Monday, 22 March 2010

Set Design and Research

What really makes a western is the rugged old wooden saloon doors that creak when they open leading to a dark dingy little saloon with wanted posters plastered all over the walls right????

Apart from really old photographs and movie sets theres not alot to go by so I found abit of historical information about saloons on the net.

'A Western saloon is a kind of bar particular to the Old West. Saloons served such customers as fur trappers, cowboys, soldiers, gold prospectors and miners, and gamblers. The first saloon was established at Brown’s Hole, Wyoming, in 1822, to serve fur trappers. The popularity of saloons in the nineteenth-century American West is attested to by the fact that even a town of 3,000 residents, such as 1883’s Livingston, Montana, boasted 33 saloons.' (

The batwing saloon doors are most commonly associated with the saloons of the old west and so it looked like that was one feature we were definately going to use on our set design.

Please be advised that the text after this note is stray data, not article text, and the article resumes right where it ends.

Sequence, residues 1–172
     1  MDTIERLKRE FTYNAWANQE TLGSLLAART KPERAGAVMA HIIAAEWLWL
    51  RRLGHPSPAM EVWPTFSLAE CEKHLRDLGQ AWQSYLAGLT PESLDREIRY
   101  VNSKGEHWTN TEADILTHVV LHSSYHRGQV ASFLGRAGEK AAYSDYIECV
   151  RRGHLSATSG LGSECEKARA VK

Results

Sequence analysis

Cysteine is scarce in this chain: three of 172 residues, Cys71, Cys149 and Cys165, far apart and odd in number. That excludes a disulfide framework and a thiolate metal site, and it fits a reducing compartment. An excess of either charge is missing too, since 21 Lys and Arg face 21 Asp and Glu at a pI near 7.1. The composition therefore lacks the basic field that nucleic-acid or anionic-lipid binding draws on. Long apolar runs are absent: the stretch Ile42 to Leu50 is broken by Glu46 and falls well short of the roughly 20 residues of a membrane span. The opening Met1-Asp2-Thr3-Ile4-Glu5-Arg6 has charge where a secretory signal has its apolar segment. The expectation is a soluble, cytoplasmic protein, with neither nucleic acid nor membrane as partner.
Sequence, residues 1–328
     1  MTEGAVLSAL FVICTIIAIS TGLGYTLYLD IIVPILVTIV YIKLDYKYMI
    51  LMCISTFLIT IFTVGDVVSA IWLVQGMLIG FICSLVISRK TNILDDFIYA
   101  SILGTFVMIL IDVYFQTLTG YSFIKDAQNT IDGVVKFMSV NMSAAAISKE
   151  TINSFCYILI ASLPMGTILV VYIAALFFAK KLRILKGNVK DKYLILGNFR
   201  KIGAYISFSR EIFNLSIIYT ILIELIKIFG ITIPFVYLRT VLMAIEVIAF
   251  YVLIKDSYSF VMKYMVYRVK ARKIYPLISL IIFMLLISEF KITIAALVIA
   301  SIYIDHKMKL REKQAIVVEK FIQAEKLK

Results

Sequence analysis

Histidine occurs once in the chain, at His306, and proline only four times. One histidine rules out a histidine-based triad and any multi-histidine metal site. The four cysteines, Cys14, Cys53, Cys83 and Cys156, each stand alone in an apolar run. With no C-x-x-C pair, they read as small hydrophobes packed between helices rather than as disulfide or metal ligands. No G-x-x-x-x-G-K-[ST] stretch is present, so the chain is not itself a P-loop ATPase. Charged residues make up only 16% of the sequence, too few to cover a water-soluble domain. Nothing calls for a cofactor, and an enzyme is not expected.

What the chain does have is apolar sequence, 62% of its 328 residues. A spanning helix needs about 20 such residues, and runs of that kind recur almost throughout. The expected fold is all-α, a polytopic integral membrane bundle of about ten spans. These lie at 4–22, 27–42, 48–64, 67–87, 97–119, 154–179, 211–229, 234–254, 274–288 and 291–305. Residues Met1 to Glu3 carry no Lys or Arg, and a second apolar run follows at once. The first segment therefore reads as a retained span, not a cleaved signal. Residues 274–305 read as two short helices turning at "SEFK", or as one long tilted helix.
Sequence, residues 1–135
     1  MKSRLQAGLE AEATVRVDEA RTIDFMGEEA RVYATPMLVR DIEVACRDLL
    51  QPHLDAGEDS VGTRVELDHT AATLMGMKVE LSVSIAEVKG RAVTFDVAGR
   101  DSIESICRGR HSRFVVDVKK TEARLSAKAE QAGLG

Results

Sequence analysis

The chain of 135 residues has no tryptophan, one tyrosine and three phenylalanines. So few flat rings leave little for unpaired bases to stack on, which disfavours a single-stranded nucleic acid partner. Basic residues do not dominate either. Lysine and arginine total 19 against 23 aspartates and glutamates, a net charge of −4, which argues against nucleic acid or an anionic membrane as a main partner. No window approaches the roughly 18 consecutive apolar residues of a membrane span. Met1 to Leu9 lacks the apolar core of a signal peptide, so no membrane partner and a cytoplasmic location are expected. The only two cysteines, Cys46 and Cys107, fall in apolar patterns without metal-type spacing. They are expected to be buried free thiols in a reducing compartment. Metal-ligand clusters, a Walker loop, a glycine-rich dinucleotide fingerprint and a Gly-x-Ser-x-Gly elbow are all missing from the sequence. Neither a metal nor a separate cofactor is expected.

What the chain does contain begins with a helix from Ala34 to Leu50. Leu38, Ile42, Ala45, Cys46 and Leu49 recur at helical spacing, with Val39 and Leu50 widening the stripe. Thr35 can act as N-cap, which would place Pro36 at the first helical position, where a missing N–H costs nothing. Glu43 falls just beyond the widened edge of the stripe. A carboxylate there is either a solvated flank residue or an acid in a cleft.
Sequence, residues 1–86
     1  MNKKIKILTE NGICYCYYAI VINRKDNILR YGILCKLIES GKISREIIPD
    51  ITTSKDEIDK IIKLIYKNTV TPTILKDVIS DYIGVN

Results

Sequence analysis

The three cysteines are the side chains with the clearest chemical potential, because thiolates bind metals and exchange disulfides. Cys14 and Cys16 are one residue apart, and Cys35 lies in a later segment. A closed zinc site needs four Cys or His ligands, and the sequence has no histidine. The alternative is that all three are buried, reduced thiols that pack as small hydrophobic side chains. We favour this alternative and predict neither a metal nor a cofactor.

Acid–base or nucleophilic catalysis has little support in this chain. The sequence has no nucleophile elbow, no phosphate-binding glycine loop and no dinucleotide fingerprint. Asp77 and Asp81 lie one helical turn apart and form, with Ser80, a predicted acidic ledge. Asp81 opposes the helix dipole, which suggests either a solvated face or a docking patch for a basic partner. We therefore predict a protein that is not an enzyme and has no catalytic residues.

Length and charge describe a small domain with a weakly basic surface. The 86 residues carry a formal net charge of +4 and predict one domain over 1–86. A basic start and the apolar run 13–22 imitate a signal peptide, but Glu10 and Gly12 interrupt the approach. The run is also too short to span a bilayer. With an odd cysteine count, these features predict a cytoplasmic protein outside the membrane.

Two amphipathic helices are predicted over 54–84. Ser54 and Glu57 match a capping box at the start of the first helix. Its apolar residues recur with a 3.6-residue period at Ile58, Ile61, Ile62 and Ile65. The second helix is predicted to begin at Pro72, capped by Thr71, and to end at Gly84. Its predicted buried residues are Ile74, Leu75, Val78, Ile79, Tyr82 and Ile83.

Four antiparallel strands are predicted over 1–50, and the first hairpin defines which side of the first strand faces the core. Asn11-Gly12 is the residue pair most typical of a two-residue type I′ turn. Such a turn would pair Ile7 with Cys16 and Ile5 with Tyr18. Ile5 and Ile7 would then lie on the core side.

We also decided as a group we could cut down our time by not creating full sets as we could take advantage of the type of shots that are shown in westerns. Looking from the storyboard we only need 2 backgrounds and a floor for one of the scenes so rather then spending time on the full set we decided to only do what was neccesary.

Exterior of a saloon

These are a few pictures I took when I visited Universal studios in Los Angeles and saw some of the sets used in the movies. The detail on these sets are amazingly accurate and they really give a sense of the old west. This is the kind of look we wanted to approach. The front of the saloon was created by Mohammed of which he took his inspiration from Back to the Future 3.

This would create the background for the first scene of which we used the same piece of set and all I did was simply stain it and we could use it as the inside part as well as the outside.

The set itself was also designed to be practical in terms of the animation. As the character of Trinity had holes drilled into his feet, and the floor of the set was an elevated piece of plastic, that meant we could drill holes into the set and bolt down the character in order to animate him walking alot easier.

This helped keep the character bolted down and as the legs are not seen in the shot, this means that we could focus more on the upper body when animating and not have to worry about holding the character down from the legs or feet.

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